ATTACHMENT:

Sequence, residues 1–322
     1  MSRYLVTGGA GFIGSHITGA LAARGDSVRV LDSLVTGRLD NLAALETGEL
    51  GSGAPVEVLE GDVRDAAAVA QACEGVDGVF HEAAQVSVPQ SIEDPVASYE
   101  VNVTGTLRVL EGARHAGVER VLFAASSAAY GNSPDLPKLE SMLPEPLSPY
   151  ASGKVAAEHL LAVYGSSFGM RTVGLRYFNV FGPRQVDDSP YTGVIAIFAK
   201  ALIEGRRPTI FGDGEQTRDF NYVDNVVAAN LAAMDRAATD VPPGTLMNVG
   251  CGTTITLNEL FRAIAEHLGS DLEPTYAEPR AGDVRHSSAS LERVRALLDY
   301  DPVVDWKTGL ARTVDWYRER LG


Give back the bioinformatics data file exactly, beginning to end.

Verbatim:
Sequence, residues 1–322
     1  MSRYLVTGGA GFIGSHITGA LAARGDSVRV LDSLVTGRLD NLAALETGEL
    51  GSGAPVEVLE GDVRDAAAVA QACEGVDGVF HEAAQVSVPQ SIEDPVASYE
   101  VNVTGTLRVL EGARHAGVER VLFAASSAAY GNSPDLPKLE SMLPEPLSPY
   151  ASGKVAAEHL LAVYGSSFGM RTVGLRYFNV FGPRQVDDSP YTGVIAIFAK
   201  ALIEGRRPTI FGDGEQTRDF NYVDNVVAAN LAAMDRAATD VPPGTLMNVG
   251  CGTTITLNEL FRAIAEHLGS DLEPTYAEPR AGDVRHSSAS LERVRALLDY
   301  DPVVDWKTGL ARTVDWYRER LG